Carnegie Libraries of Pennsylvania
Allegheny will be included on the Pittsburgh page, to come back online early 2018.
Plastichrome Colourpicture 'chrome' postcard of as high inage quality as the turn-of-the-century postcards
1899 grant; still in use.
(L) Five women and two men stand on the steps of the library. To the left is The Famous, Braddock's Big Store.
(R) Bye-bye, phone pole. The same group stands on the steps, but now a quartet of men stand when the pole stood. Other people, as well as two cars, magically appear.
Eclectic Medieval Carnegie library building. I believe it's one of the only Library buildings in the US in this style.
First Carnegie library in the United States (1888).
Bobinski dates the grant to 1900 for some odd reason. However, the old library page on Blogspot, linked to 1893 photos.
According to Wikipedia, William Halsey Wood was the original architect; but Longfellow, Alden & Harlow built the 1893 addition that contained a swimming pool, indoor basketball court, and music hall--complete with pipe organ.
Information from Waymarking.com.
1900 grant: replaced in 1991. Sold in 1993 to become a successful restaurant.
(L) 1909 card also shows a cart of some type.
(R) H.H. Hamm card, probably printed by Curt Teich, was mailed in 1920.
Now known as the Andrew Carnegie Free Library & Music Hall.
Or, more cheekily, the Carnegie Carnegie.
Built in 1899: designed by architects Stuthers and Hannah. It is considered to be Italianate in style. The Music Hall has a separate entrance than the Library.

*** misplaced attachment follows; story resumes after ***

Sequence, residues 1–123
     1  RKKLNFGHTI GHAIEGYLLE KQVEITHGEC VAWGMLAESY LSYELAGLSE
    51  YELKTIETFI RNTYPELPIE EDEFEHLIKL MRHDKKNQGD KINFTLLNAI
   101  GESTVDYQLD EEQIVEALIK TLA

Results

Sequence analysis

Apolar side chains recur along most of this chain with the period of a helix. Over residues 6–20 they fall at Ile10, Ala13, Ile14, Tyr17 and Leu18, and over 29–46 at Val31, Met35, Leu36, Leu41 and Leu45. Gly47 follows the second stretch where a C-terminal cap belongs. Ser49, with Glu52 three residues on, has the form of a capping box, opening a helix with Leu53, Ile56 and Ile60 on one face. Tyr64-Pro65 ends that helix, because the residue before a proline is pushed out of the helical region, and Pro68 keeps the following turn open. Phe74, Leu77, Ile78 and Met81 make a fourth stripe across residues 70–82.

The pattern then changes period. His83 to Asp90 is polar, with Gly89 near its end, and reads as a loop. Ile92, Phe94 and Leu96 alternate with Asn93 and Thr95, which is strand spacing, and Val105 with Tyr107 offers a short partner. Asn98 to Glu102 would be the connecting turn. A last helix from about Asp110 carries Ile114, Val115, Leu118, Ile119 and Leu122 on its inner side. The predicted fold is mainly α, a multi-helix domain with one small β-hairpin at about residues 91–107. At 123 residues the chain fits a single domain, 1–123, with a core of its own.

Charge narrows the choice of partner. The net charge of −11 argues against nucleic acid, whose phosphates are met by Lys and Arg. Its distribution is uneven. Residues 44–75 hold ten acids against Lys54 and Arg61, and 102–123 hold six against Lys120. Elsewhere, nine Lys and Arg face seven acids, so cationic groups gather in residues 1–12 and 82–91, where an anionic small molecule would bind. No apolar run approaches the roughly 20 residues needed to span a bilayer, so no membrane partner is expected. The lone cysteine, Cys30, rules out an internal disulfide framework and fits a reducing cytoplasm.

This is believed to be a Curt Teich card. If so, it dates from 1910.
Bleak early card shows a huge set of steps.
Hinsky Bros./C.T. American Art postcard.
Dexter Press 'Chrome' postcard.
1899 grant: still in use.
The statue is of Col. William Crawford, an early settler who was burned at the stake.
Late 1916 grant. Dedicated in 1917, per the card reverse. I have never seen a contemporaneous postcard.
The small sign which mentions Civil Defense dates this card to the Cold War era.
1904 - 1968
OK, I'm not sure that this can be so.
A swimming pool? Shower baths? Bowling alleys?
Evidently Carnegie works employees, for a small fee, had access to all these things. City residents accessed the library portion.
(L) Rotograph card, mailed in 1908.
(R) The card has a linen-finish, and appears to be quite common.
1901 grant. Still in use in 2018, with an addition plus 3 branches.
Interesting history on the Library's website. A city website revealed that Easton received two grants (1902, probably the construction date; and 1913). It also has a picture of an earlier library building.
1903 grant. Still in use.
The building looks like a smaller version of the Joliet, Illinois Carnegie building.
What a beautiful ca. 1907 card! I don't know if cherries have any connection with the city, but the card was produced for Schollenberger's Confectionery of Hamburg.
According to the card:
First Library Andrew Carnegie donated.
Now used as an office of the Carnegie Steel Works,
Litho-chrome brand card,
mailed in 1908.
Souvenir brand postcard.
1896 grant. Built in 1898. Still in use. No evidence for the use as an office.
This is not just a library: it's also an athletic club and a music hall. Wow. I suspect this was one of those facilities meant to 'improve' the lives of Carnegie's employees. As if a steelworker needed--or had time--to work out.